Temple Bar 15

An Irish Architectural Archive exhibition in partnership with Temple Bar Cultural Trust

This exhibition marks the fifteenth anniversary of the architectural competition to find a framework plan for the renewal and development of the Temple Bar area of Dublin.

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The Temple Bar of the late 1980s was a place of narrow streets lined by mainly nineteenth-century industrial, commercial and domestic structures. Signs of neglect and urban decay were everywhere, engendered by the intention to develop the area as a major bus transportation hub. The building stock was allowed to slip into disrepair, and a significant number of structures were removed altogether. Conversely, the availability of buildings – however run-down – on cheap short-term leases had brought to the area an increasingly bohemian fusion of culture, cafés and small-scale commerce. Out of this eclectic mixture an alternative vision for the future of the area emerged. In 1990 the Temple Bar Area Renewal and Development Act was passed, leading to the creation of Temple Bar Properties, the development company for the area, which organised the 1991 framework plan competition.

This exhibition consists of two elements – photographs of the Temple Bar area and an architectural model of the competition-winning framework plan scheme. The photographs were mainly taken in 1985 by the Irish Architectural Archive as part of an Inner City Survey project. They date from a period when the transformation of the Temple Bar area into a bus station was very much a live proposal. When shot, therefore, the photographs were assumed to be a record of streets and buildings which would shortly no longer exist. Instead, they have become a portrait of Temple Bar on the eve of transformation. They show just what it was that all those who entered the framework plan competition had to deal with – an urban landscape which, humming as it well may have been with cultural and artistic vibrancy, was most obviously characterised by decomposing buildings and surface car-parks.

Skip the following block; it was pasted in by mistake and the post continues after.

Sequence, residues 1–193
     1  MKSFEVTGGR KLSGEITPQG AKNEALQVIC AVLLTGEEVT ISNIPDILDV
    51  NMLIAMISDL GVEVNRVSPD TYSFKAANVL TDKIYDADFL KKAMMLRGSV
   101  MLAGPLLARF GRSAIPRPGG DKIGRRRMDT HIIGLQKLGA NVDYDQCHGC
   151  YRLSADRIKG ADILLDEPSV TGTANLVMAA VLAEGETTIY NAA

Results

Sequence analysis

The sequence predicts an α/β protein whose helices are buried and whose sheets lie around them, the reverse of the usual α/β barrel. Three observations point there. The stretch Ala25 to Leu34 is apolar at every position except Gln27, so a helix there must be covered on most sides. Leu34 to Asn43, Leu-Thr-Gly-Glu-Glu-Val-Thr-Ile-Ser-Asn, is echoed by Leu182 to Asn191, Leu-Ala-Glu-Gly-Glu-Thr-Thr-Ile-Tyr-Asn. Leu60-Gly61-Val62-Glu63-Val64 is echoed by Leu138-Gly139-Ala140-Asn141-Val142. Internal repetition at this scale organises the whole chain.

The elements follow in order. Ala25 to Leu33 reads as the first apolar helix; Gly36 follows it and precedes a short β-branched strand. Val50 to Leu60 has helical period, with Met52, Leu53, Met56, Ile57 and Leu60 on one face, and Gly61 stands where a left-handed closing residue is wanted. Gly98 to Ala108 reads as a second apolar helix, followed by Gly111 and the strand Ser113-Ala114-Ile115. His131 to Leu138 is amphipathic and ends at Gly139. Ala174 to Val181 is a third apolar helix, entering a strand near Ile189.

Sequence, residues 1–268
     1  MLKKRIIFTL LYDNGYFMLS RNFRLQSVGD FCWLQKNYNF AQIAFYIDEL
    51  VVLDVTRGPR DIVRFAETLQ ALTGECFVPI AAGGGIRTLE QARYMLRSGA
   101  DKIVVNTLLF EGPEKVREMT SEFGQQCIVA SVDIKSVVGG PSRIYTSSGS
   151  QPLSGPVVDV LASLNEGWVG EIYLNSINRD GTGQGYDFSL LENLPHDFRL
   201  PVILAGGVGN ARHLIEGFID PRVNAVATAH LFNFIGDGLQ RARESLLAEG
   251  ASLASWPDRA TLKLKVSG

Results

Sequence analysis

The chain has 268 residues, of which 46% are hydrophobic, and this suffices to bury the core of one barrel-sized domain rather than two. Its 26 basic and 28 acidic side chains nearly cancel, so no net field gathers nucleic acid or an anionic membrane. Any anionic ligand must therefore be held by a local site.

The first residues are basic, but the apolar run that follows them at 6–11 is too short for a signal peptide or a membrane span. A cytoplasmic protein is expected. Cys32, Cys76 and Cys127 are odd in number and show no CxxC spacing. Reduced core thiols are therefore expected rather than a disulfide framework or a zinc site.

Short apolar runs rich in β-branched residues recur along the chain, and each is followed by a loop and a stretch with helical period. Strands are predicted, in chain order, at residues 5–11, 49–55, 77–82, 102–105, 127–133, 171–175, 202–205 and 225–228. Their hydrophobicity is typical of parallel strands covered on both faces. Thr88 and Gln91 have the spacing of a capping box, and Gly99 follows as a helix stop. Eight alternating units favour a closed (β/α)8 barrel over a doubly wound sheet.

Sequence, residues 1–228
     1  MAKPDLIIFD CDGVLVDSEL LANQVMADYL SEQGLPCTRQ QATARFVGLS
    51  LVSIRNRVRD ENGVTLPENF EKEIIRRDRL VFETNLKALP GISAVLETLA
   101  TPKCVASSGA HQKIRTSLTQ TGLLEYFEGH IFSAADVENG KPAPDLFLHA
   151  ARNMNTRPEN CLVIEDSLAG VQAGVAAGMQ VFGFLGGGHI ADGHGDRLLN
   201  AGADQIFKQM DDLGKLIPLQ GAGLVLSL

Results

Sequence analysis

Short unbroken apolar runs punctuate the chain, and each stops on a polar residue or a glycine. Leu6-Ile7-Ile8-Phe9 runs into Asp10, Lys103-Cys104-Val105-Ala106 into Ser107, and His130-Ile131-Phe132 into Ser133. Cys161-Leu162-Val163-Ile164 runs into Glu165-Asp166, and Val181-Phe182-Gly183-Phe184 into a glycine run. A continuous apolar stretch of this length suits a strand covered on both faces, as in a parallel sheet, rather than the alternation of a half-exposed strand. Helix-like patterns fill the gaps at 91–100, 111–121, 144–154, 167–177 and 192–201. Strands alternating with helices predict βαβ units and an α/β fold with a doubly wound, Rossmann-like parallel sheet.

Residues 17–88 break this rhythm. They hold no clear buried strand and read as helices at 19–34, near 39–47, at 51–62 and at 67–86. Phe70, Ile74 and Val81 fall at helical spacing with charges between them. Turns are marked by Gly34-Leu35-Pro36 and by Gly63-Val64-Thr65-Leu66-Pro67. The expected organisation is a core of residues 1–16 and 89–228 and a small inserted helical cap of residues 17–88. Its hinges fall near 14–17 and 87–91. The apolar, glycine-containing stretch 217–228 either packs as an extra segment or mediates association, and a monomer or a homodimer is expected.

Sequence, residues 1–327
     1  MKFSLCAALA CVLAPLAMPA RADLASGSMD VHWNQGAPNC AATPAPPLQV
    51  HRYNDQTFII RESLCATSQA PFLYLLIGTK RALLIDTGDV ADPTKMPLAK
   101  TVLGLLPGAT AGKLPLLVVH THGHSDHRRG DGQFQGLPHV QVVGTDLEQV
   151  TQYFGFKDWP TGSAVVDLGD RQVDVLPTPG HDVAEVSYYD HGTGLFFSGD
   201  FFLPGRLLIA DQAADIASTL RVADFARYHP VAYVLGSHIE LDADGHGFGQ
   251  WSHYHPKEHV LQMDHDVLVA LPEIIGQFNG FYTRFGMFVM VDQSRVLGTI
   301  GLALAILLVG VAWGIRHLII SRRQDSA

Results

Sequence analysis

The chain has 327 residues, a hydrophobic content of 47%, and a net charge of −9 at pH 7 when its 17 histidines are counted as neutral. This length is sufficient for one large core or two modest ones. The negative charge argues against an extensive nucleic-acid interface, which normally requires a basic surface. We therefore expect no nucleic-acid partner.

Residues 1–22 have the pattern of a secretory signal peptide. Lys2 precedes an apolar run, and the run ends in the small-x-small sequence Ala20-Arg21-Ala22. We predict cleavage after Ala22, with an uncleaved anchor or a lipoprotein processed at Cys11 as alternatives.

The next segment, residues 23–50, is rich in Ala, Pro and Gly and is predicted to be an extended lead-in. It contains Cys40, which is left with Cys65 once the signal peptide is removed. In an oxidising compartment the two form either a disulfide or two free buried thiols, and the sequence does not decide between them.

The architectural model of the competition-winning scheme shows one response to the fractured physical space portrayed in the photographs. This framework plan shaped the changes that were imposed on the area in the decade following the competition. While the steel, glass, brick and concrete of contemporary Temple Bar may differ in finished detail from the proposals of 1991, they are substantially where the plan indicated they should be. And central to the framework plan was a recognition of the need to preserve as well as transform. Consequently, much of what stood in 1985 still stands. This gives the Temple Bar depicted in the photographs an odd resonance, at once almost unrecognisable and yet immediately familiar.

The framework plan competition was won by Group 91 Architects, a collective of eight young Irish architecture practices – Shay Cleary Architects, Grafton Architects, Paul Keogh Architects, McCullough Mulvin Architects, McGarry Ní Éanaigh Architects, O’Donnell and Tuomey Architects, Shane O’Toole Architects and Derek Tynan Architects. As part of the exhibition programme, the Archive is delighted that these constituent practices have all agreed to individually participate in a series of lectures during which they will reflect on their involvement with Temple Bar and on the development of their own distinctive brands of architecture since the collaboration of the Group 91 period.

The Irish Architectural Archive’s exhibitions programme is supported by Michael McNamara & Co., Pierse Contracting Ltd and John Sisk & Son Ltd. The Irish Architectural Archive would like to thank Temple Bar Cultural Trust for its support of this exhibition. Thanks too to Richard Dann for his work on the photographs and to David Hayes for designing the catalogue.

For more information on the exhibition or lecture programme, contact the Archive on 01 66 33 040.

News

29/09/2014

by Colum O'Riordan

IAA Exhibitions

The Archive’s current exhibitions – GPO: Two Hundred Years and Parnell Square in Photographs - continue in the Architecture Gallery and the first floor rooms of No. 45 Merrion Square.

Categories: Exhibitions